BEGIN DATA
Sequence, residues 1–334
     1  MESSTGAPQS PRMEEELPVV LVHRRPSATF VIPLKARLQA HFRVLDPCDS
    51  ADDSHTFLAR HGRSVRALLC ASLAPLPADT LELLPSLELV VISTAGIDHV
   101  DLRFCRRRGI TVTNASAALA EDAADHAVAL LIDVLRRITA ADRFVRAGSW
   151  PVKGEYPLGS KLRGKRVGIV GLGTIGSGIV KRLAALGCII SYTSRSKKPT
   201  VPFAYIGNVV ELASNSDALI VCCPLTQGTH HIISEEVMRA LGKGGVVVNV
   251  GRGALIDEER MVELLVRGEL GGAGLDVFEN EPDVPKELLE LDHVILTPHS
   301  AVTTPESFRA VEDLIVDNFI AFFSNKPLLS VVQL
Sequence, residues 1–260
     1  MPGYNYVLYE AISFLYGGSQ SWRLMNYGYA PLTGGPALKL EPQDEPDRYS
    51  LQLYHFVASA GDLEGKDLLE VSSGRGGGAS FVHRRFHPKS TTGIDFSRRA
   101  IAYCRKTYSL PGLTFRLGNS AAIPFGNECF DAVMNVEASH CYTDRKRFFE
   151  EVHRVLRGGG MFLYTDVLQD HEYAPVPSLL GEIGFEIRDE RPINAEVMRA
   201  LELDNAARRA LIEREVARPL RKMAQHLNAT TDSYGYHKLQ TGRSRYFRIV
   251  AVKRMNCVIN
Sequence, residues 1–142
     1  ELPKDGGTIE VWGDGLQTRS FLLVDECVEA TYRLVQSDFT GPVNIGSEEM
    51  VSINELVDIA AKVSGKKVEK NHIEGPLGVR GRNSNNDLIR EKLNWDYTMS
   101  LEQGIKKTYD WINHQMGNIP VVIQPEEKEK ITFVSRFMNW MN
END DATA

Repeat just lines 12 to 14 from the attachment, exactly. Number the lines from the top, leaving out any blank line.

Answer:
   101  IAYCRKTYSL PGLTFRLGNS AAIPFGNECF DAVMNVEASH CYTDRKRFFE
   151  EVHRVLRGGG MFLYTDVLQD HEYAPVPSLL GEIGFEIRDE RPINAEVMRA
   201  LELDNAARRA LIEREVARPL RKMAQHLNAT TDSYGYHKLQ TGRSRYFRIV